The first of these is, in particular, the dedication of the deep-sea area and its resources to all people (Art. 136-137) on the basis of “equal sharing” and, in general, the regime of the (Area. Part XI) Second, marine scientific research and marine technology are given a new dimension of importance, as almost 100 provisions, or one-third of the Convention, deal with various aspects and to varying degrees with these subjects. Finally, a complete Part of the Convention is dedicated to the devel­opment and transfer of marine technology (Part XIV) in order to encourage co­operation and the establishment of regional centres (Art. 275-277) by means of which research, training, and transfer of technology can be provided; this part is at all times to be read, interpreted, and practiced in accordance with the regime of marine scientific research and the regime of the Area.

These provisions aimed at reducing the economic differences between North and South are basically weak in spite of the impressiveness of  the number, but they are nonetheless of significance because they have found their way into the charter of the oceans, require co-operation and transfer of technology, and impose considerable responsibility on international organizations.


 The 1982 Convention is the Magna Carta of the law of the sea, and as such it provides only the general legal framework for all aspects of the use of the oceans. The framework contains considerable detail (which does not necessarily mean precision) with regard to some subjects, e.g., innocent passage, (Art. 17-32) deep sea mining, (Part XI) and pollution from vessels. (Art. 211; Art. 217-234) In contrast, the Con­vention provides no more than a programme for some subjects, e.g., enclosed and semi-enclosed seas, (Part IX) and in some cases does no more than make a statement without further elaboration, e.g., the phrase “reserved for peaceful purposes.” (Art. 88) But all provisions are intended to unify universal law and erect barriers against deviating national law, especially when it is less strict than international standards.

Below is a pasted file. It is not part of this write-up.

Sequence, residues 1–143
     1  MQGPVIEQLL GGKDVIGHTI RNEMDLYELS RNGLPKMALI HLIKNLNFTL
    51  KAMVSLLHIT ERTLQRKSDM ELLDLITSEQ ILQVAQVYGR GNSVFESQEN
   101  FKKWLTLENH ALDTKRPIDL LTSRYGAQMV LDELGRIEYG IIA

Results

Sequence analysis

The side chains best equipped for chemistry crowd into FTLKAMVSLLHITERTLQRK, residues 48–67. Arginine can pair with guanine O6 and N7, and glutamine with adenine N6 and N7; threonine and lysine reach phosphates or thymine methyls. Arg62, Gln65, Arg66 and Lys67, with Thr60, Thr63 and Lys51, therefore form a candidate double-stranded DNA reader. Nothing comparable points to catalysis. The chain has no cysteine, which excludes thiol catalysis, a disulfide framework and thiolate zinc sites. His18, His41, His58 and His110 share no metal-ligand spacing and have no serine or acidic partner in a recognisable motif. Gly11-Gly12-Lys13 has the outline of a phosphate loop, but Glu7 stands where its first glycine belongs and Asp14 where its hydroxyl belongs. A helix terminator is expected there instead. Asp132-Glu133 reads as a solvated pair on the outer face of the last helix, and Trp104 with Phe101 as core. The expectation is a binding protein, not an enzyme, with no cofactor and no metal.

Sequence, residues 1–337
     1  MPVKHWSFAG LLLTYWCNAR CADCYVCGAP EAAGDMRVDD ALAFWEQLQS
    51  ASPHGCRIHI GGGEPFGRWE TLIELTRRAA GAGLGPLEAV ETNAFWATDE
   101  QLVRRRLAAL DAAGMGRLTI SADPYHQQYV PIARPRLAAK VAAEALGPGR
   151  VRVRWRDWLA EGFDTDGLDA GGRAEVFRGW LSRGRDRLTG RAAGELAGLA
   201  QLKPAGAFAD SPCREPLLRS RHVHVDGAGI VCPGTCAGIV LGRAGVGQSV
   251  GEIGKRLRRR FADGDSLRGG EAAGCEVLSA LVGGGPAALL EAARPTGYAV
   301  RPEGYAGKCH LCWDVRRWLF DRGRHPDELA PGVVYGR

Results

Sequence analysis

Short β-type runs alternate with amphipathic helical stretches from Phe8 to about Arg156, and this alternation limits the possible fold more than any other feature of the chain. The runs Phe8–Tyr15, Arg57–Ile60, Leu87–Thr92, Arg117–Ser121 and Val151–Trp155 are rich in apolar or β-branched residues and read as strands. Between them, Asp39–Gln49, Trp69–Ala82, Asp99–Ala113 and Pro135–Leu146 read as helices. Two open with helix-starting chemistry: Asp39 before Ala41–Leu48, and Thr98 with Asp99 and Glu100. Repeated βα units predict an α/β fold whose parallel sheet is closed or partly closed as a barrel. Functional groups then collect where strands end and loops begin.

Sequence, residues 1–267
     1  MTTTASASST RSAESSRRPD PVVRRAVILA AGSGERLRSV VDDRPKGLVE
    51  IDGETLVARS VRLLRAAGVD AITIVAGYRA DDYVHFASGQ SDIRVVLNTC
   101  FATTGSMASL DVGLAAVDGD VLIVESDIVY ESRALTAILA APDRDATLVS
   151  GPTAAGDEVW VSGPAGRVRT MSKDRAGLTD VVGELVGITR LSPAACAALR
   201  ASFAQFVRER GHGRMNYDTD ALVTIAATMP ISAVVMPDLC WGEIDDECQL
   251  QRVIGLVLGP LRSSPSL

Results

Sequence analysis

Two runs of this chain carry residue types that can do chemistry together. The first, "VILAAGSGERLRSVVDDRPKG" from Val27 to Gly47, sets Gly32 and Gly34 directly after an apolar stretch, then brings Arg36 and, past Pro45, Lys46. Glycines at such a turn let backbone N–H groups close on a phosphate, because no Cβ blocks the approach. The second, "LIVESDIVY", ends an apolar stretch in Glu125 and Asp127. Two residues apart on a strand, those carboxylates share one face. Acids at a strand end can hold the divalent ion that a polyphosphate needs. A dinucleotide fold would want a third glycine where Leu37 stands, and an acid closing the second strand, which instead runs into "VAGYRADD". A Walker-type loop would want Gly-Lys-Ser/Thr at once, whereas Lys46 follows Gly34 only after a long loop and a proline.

The Convention employs a number of methods - often only the results of com­promises - to achieve this goal. The most direct method is the detailed regulation of a clearly defined subject, leaving little or no room for questions to arise. The right of navigation for all states, (Art. 90) the extent or establishment of zones, (Part II-VI) and piracy (Art. 101-107) are examples of this approach. The same level of quality of law is reached when states are obliged to apply codified international law or con­ventions. The Convention never uses the technique of referring directly to regulatory law, and only mentions the UNCITRAL Arbitration Rules, (Art. 108, Subpara. 2(c); Annex III, Art. 5, Para. 4) or the United Nations Charter. (Art. 19, Subpara. 2(a); Art. 39, Subpara. 1(b); Art. 138; Art. 279) When other law (conventions) is to be applied, the Convention uses instead terms such as “taking into account internationally agreed rules, e.g., (Art. 207) to conform to generally accepted international reg­ulations, procedure, and practice, e.g., (Art. 94, Para. 5) "at least have the same effect as that of generally accepted international rules, e.g., (Art. 211, Para. 2) or no less effective than international rules. e.g., (Art. 208, Para. 3) This technique allows varying degrees of flexibility of interpretation and enforcement of international regu­lations according to the interests and needs of each state, but still supports the intention of unification. With respect to pollution, the Convention uses the additional technique of requiring the states to establish international rules e.g., (Art. 43, Subpara. (b); Art. 208, Para . 5) and to re-examine them from time to time. (Art. 208, Para. 5; Art. 211, Para.1)